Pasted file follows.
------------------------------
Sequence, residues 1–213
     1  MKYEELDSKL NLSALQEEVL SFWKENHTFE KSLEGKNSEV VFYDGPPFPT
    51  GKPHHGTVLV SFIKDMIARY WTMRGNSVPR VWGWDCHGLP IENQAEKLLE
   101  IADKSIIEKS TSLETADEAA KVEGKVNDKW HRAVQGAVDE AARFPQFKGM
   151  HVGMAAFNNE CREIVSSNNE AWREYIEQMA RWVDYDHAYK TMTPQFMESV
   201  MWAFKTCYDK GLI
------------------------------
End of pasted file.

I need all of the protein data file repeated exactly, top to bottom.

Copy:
Sequence, residues 1–213
     1  MKYEELDSKL NLSALQEEVL SFWKENHTFE KSLEGKNSEV VFYDGPPFPT
    51  GKPHHGTVLV SFIKDMIARY WTMRGNSVPR VWGWDCHGLP IENQAEKLLE
   101  IADKSIIEKS TSLETADEAA KVEGKVNDKW HRAVQGAVDE AARFPQFKGM
   151  HVGMAAFNNE CREIVSSNNE AWREYIEQMA RWVDYDHAYK TMTPQFMESV
   201  MWAFKTCYDK GLI